Rain barrels are one of the easiest sustainable living projects to implement. With about 5 minutes of set up, you’ve provided yourself a constant supply of free water. With a bit more investment of time and money, you can even set up a nifty drip irrigation system, feeding water directly to your gardens. We’ve seen it done–unfortunately, our garden is uphill from our house so we haven’t made that happen on our own property yet. Anyway, there are a variety of rain barrels on the market. We sell only one kind, Jack’s Rain Barrel.
We like this one because it is made out of a reclaimed food barrel, previously filled with olives or pickles or something along those lines. So, no additional plastic created, and lots of plastic diverted from the landfill. It’s easy to install–simply lop off your gutter at the appropriate height and set on a cinder block (or other raised item that allows you access to the spigot). That long black tube hanging off is important–that’s your overflow tube. Make sure you direct that tube somewhere away from your foundation (that’s what the greenish thing on the ground is for in the picture on the right.) Rain barrels will collect an astonishing amount of water in very little time. A half-inch rainfall will easily fill this 55 gallon barrel. If you want to calculate exactly how much you could collect on your own roof, the general rule of thumb is during a 1 inch rainfall, you can get 1/2 gallon per square foot of roof. We have never managed to empty our rain barrel, no matter how much we water the garden and the chickens and rinse muddy hands and feet. Of course, we live in New England, where drought is not often an issue. In more arid climates, multiple rain barrels would be a wise decision. Or consider rainwater harvesting, which is a more in depth process that is a phenomenal solution for capturing, diverting, and storing water, especially effective in dry areas or areas with so much water it is impacting your residence. Brad Lancaster is an inspiring researcher, author and practitioner of rainwater harvesting, and his website has tons of resources as well as his books. Texas A & M has also done a lot of work on the practice.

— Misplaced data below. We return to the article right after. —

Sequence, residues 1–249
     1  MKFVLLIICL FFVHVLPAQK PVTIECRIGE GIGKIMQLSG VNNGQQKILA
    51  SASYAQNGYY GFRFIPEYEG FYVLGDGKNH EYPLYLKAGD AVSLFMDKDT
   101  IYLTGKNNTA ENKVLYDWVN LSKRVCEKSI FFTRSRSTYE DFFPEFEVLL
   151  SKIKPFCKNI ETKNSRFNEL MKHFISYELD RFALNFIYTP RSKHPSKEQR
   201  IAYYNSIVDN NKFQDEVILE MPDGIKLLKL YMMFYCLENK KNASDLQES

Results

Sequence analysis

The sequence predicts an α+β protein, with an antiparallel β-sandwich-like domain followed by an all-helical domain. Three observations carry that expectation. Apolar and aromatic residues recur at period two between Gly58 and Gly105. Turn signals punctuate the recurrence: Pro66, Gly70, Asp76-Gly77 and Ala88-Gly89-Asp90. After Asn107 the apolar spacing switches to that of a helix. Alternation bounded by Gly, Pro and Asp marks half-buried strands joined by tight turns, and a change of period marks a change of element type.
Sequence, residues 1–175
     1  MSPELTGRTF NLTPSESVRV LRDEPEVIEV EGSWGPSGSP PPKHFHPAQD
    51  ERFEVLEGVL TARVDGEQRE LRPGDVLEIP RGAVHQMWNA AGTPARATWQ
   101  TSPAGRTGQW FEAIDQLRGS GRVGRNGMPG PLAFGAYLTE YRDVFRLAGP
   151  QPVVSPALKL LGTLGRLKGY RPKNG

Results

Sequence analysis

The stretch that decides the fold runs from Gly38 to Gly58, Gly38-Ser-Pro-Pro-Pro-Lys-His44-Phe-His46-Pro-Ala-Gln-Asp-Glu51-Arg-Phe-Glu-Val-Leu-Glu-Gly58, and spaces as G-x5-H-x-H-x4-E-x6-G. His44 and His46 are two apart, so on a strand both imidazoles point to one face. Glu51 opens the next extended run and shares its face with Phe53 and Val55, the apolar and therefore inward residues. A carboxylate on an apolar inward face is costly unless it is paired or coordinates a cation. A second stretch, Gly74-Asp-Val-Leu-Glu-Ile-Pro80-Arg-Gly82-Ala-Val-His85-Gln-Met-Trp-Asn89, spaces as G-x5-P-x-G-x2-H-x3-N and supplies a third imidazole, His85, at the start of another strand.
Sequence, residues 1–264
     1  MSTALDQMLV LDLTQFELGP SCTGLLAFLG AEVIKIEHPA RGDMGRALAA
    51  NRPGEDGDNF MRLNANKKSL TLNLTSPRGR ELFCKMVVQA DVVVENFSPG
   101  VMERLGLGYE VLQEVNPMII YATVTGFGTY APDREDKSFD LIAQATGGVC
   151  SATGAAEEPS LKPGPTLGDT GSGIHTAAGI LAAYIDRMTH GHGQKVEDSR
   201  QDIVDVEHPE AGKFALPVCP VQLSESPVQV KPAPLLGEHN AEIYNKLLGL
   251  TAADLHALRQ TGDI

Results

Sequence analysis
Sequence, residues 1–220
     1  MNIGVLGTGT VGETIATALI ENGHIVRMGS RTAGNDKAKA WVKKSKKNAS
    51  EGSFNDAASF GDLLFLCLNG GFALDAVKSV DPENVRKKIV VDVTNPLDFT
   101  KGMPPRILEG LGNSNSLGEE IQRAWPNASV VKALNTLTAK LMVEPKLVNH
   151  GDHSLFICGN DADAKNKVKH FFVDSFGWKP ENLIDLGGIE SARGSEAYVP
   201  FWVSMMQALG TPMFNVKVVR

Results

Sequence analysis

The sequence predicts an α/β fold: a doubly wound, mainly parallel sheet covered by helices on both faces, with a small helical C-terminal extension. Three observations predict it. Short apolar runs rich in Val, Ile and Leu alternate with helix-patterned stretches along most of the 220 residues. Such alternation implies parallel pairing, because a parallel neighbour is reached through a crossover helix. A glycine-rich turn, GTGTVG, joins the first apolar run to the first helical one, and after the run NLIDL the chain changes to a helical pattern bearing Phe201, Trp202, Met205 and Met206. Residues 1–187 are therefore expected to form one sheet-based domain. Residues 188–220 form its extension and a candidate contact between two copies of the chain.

Whether you’re on a well or city water, in a dry climate or wet one, a gardener of an acre or just a couple pots, rain barrels make sense. Fresh water is a renewable resource, but not an infinite one. If we can capture just a bit of the rain that falls naturally and use it directly where we need it, with no energy or filtering cost, why wouldn’t we?